New bakkie speed record? Police ‘clock’ GWM P-Series at 203 km/h
A faulty speed camera has been theorised as the main reason for the abnormally high speed rating.
Smash-hit P-Series has been a popular seller but not known for its speed. Until seemingly now. Image: GWM
Social media users were left scratching their heads and some in stitches following a weekend Facebook post involving the driver of a Great Wall Motors (GWM) P-Series being stopped after doing over 200 km/h.
According to the Gauteng Department of Community Safety’s Facebook page, the 53-year-driver of red P-Series bakkie was said to have driven 203 km/h on the N4 this past Sunday, before being pulled-off by the provisional traffic police.
No exact details of where on the N4 the incident took place were revealed, or indeed the eventual sentence imposed on the driver.
The run-in with authorities and the reported speed has, unsurprisingly, been questioned by users as the P-Series’ top speed, despite not being confirmed outright by GWM, is known to be well under 200 km/h.
Indeed, The Citizen’s Road Editor Mark Jones recorded a 0-100 km/h sprint time of 15.2 seconds after testing the flagship LT double cab 4×4 auto towards the end of last year.
The smash-hit Chinese bakkie’s covering of the one kilometre mark in a leisurely 36.3 seconds at a smidgen under 147 km/h further questions the validity of the speed recorded by the police.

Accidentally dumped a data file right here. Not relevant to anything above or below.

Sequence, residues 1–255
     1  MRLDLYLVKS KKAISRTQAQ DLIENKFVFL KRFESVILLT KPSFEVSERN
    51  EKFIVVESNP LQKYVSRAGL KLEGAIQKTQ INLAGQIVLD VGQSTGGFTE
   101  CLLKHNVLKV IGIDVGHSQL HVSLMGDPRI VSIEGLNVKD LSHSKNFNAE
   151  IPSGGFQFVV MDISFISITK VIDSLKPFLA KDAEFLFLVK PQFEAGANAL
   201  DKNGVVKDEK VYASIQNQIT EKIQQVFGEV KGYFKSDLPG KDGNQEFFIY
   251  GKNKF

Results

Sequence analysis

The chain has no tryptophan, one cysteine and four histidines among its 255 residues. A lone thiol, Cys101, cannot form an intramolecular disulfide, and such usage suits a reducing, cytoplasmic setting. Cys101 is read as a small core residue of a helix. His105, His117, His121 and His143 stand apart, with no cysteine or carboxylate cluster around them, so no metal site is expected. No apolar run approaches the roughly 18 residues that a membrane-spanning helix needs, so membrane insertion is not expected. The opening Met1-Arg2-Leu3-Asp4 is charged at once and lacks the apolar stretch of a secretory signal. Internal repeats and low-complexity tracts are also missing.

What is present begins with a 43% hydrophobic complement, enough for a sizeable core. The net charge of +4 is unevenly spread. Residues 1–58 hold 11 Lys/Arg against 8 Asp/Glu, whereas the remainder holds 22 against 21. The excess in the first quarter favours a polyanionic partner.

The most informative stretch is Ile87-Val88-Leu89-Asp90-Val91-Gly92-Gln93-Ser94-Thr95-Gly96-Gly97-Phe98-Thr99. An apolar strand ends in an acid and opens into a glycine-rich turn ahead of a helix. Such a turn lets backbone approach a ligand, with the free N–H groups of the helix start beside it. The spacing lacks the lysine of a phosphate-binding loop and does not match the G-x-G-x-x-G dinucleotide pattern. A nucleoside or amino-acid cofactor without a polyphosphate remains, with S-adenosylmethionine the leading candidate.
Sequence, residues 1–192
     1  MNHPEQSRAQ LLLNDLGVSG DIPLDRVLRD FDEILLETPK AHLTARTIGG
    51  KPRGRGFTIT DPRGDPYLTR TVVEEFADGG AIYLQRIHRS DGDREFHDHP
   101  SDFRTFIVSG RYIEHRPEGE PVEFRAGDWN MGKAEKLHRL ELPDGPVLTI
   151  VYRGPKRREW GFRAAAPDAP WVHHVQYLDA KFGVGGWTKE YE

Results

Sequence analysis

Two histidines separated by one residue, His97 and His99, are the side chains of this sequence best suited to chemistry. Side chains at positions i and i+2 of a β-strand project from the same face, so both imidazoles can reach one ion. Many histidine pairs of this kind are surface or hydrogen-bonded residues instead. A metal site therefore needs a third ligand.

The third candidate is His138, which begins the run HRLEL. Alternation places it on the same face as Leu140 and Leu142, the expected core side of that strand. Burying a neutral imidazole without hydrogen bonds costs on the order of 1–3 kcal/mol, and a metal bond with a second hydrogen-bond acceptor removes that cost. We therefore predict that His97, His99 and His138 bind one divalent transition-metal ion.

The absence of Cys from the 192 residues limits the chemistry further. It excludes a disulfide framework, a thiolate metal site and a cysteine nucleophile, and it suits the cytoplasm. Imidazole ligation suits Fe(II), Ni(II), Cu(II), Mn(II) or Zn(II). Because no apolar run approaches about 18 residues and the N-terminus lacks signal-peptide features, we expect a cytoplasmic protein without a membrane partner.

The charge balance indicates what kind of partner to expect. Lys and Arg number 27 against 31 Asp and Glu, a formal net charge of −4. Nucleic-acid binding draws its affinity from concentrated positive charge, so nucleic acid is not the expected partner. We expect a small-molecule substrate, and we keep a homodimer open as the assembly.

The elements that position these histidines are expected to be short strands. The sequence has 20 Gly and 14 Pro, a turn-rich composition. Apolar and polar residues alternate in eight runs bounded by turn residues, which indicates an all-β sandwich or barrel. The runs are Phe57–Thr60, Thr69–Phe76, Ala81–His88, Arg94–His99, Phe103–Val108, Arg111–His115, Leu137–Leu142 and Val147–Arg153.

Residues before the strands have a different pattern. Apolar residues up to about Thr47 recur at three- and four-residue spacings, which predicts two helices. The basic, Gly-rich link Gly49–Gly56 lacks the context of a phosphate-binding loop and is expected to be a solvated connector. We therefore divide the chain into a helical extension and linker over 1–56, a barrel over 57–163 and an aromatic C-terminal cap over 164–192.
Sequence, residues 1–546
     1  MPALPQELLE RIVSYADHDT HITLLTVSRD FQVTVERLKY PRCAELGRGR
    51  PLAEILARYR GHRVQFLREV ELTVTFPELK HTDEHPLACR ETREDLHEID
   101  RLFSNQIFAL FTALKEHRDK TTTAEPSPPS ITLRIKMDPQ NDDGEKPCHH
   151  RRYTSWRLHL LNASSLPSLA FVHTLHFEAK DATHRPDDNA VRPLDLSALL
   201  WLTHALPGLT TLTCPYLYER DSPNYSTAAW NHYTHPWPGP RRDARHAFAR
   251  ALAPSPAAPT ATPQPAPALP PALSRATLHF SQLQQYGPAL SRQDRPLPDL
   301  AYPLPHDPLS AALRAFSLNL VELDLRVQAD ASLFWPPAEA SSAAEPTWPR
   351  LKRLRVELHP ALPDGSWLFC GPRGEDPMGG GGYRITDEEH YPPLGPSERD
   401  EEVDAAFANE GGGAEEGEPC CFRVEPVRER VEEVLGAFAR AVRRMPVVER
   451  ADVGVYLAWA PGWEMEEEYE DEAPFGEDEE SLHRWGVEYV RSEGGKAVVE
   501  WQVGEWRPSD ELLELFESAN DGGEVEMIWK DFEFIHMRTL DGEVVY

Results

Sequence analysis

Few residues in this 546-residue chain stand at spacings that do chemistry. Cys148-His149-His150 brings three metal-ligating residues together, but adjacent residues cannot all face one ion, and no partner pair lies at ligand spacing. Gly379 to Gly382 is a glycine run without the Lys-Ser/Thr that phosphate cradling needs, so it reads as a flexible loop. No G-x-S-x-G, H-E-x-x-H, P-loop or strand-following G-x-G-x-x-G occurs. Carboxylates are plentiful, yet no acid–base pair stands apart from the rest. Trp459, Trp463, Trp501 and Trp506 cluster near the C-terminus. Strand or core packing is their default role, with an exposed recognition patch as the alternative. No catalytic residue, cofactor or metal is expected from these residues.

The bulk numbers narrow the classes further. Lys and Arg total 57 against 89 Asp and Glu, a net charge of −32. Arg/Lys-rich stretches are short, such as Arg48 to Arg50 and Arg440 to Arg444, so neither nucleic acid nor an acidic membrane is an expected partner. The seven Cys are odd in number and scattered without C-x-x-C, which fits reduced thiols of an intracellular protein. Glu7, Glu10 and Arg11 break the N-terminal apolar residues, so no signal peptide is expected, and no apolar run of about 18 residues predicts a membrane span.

Some have, however, theorised that a faulty camera is to blame for the abnormally high v-max, while others have alleged that aftermarket performance software altering the outputs of the 2.0-litre turbodiesel engine, might have been fitted.
In standard form, the P-Series’ oil-burner develops 120kW/400Nm, which, combined with its over two-tonne kerb mass, makes it highly unlikely to achieve the mentioned 200 km/h plus speed.
More humorously are the comments attributing a steep downhill as the only way the P-Series could have ever reached the speed claimed by police.
Not by choice road trip
The latest incident involving an abnormal speed reading recorded by a GWM product comes after a man in China was sent on a 500km unplanned road trip in October last year, behind the wheel of an H6 made by the automaker’s upscale Haval division.
On that occasion though, ceased brakes as well as cruise control failing to disengage were to blame for the 100km/h bizarre incident that ended on the border of mainland China, Macau and Hong Kong after the H6 had run-out of petrol.